The federal agency in charge of ensuring all plastic bags are biodegradable by 2012 is looking to license the makers of the bags and will be putting its stamp of approval on all products.
Logo is next step in banning non-degradable plastic
By spring, all plastic bags that claim to be degradable must bear a logo showing that they meet government standards, a measure that takes the nation one step closer to a planned total ban on conventional bags by 2013.
The rule is part of a broader set of regulations developed last year by the Emirates Authority for Standardization and Metrology (Esma), which is now in the process of enforcing them.
"We will have the logo finalised within a month," said Mohamed Badri, the acting director general of Esma. Only companies that have been registered by Esma will be allowed to use the logo, which would be the only legitimate method of claiming bags were degradable, Mr Badri said.
Once the logo has been finalised and the stamping begins, this spring, an inspection process will ensure there are no impostors.
Plastic contributes to littering and pollution, and many of the bags end up in seas, oceans and other bodies of water, where they leach toxic chemicals into the environment. They also drift into open spaces, such as the desert, and can kill camels and other animals that ingest them. Much of the plastic we throw away also ends up in landfills, and it takes hundreds of years to break down.
To overcome the longevity issue, chemical companies have created additives that make plastic bags break down more rapidly. Known as oxo-degradable plastic, the material decomposes in the presence of light and oxygen.
Esma has approved the additives supplied by three international companies - D2W, Ener Plastics and Willow Ridge Plastics - all of which have a local presence. The agency is now seeking to license plastic bag manufacturers. Out of more than 100 on the market, only 13 had applied for certificates, said Mr Badri.
Bag manufacturers will have to declare the chemical composition of the additives they use, which are usually organic compounds of metals such as iron, nickel, cobalt and manganese. In addition to proving thay they are using approved additives, the premises of each manufacturer will have to be audited; Esma officials will assess the quality of the plastic material used and the production lines. Conventional plastic bags will be banned by January 1, 2013, a deadline set by the Ministry of Environment and Water.
"Practically, manufacturers have until the end of 2012 to comply, but they cannot call their bags degradable unless approved by us," Mr Badri said.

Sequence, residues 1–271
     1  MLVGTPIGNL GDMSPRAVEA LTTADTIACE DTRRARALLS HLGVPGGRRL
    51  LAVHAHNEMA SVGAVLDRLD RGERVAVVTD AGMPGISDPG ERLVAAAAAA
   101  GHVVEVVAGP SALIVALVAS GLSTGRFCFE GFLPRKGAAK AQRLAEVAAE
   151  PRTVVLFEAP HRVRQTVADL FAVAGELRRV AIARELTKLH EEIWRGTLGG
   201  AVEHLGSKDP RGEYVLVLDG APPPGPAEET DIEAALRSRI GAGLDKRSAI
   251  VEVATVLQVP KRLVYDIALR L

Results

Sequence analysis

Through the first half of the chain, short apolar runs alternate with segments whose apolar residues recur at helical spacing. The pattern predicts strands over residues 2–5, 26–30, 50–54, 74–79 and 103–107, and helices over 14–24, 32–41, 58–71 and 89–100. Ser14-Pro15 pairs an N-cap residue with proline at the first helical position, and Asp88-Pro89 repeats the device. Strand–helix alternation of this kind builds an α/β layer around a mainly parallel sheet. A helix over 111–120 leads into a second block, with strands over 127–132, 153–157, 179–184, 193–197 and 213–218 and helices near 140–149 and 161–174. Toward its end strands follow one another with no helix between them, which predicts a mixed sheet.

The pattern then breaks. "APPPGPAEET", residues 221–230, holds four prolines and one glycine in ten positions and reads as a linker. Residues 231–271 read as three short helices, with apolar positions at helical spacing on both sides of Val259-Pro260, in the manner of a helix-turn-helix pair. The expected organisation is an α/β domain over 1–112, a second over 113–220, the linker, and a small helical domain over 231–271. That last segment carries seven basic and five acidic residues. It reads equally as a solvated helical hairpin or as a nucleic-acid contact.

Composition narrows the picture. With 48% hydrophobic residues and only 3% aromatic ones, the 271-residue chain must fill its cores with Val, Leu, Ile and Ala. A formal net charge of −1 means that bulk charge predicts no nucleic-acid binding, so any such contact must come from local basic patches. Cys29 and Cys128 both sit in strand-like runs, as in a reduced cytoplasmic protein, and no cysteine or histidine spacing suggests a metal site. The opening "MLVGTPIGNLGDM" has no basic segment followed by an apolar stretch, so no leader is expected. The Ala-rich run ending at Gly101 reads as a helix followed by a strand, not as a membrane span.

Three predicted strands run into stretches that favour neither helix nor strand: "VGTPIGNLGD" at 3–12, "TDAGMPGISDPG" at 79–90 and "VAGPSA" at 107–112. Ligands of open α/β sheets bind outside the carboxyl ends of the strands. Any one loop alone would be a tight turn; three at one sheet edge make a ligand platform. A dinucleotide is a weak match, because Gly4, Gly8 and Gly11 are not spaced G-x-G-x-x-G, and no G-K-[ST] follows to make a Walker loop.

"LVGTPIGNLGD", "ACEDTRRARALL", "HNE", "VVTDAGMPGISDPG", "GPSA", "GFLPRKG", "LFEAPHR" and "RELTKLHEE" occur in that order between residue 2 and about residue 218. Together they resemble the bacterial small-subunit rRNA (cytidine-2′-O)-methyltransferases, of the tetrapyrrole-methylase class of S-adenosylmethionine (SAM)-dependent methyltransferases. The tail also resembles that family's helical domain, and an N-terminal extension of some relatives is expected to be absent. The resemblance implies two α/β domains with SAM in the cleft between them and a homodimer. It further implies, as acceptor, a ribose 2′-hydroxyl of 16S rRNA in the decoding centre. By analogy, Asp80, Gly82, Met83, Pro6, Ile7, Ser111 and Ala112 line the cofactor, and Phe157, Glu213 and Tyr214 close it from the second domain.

The plastics industry has presented oxo-degradable plastics as a solution to the problems associated with plastic bags, saying that even when discarded improperly the bags will degrade to carbon dioxide and water in the presence of sunlight. However, critics question the claim.
Last year, a study commissioned by the UK's Department for Environment, Food and Rural Affairs concluded that oxo-degradable bags were no better for the environment than conventional plastic bags. Carried out by a team of scientists from Loughborough University, the study found that additives did cause the plastic to break down into small pieces. Whether they further degraded, and how quickly, was up for debate.
Winston Pryce, the general manager of the Sharjah-based D2W distributor Eco-Polymers, said he disagreed with the findings of the UK study.
"We have got reports from independent labs that prove biodegradation," he said.
He explained that the basic material used to make conventional plastic was combined with different stabilisers and that anti-oxidants were added to slow the process so the plastic bags lasted long enough to be used by consumers.
"The basic material is naturally degradable," he said. "Our product is only acting as a catalyst."
Habiba al Marashi, the founder and chairperson of the Emirates Environmental Group, said there was not "one solution that fits all" when it came to plastic. Reusable bags, degradable plastic and efforts to recycle will all prove useful in reducing pollution.
"There will be a basket of solutions," she said. "As long as it does not end up in landfill."
Regarding the debate on oxo-degradable bags, Mrs al Marashi said: "Science is evolving all the time and what is best today may not be so in the next few years. It is a good first step."